How excited I was when I began to read this book a few days ago and realized that someone else had been thinking about the historical and root meaning of our word 'conversation.' I just recently researched the etymology of the Latin conversatio since I was using the term to name what we are hoping to do at the Harvey Center! As I wrote there a few months ago: "the most important factor in developing the minds of our young people is to provide them an atmosphere of learning in humility to God. It is a life that must be modeled and passed on with love and care. This best happens in a place like a family, or a small school, where the student is known and loved as a whole person. We want to encourage the parents and other members of the extended family to study along with their students, and to read and discuss great literature together." Yes, we want to encourage thoughtful, life-changing conversatio!Words are entrusted to us as equipment for our life together, to help us survive, guide, and nourish one another.... A large, almost sacramental sense of the import and efficacy of words can be found in early English usage, where conversation appears to have been a term that included and implied much more than it does now: to converse was to foster community, to commune with to dwell in a place with others. Conversation was understood to be a life-sustaining practice, a blessing, and a craft to be cultivated for the common good. (p. 2)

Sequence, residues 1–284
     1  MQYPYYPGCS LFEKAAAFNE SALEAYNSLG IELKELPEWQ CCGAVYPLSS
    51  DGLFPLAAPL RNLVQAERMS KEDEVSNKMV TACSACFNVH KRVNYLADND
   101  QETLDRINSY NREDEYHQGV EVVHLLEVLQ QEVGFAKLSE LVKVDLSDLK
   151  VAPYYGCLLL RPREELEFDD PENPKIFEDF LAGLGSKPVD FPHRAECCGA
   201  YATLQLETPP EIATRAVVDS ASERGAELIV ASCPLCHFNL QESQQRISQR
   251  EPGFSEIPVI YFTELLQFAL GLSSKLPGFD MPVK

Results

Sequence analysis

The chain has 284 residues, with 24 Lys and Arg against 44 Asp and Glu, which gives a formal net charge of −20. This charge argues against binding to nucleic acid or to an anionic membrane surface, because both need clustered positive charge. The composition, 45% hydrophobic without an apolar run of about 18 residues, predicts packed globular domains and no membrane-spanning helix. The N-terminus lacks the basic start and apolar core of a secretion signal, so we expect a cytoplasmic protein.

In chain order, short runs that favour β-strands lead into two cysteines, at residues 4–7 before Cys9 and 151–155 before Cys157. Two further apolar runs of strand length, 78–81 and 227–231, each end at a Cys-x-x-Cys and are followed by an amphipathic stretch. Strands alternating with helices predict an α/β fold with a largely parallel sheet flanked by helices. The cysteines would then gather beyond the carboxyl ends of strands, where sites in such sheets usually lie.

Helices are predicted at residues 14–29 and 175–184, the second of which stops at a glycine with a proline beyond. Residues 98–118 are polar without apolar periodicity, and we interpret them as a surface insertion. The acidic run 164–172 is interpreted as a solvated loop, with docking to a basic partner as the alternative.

During the Middle Ages the term conversatio morum was used by the Benedictine monks to refer to their life of constantly turning together toward God. Conversatio morum is a vow to a continual change of heart, a daily reshaping of the mind and heart according to God’s will.
I like to think of the idea behind our English word "conversation" by focusing on the meaning of the Latin, conversatio: a constant turning together, a way of life. To quote again from McEntyre's book, Caring for Words in a Culture of Lies:
When we converse, we act together towards a common end, and we act upon one another. Indeed, conversation is a form of activism--a political enterprise in the largest and oldest sense-- a way of building and sustaining community. (p. 89)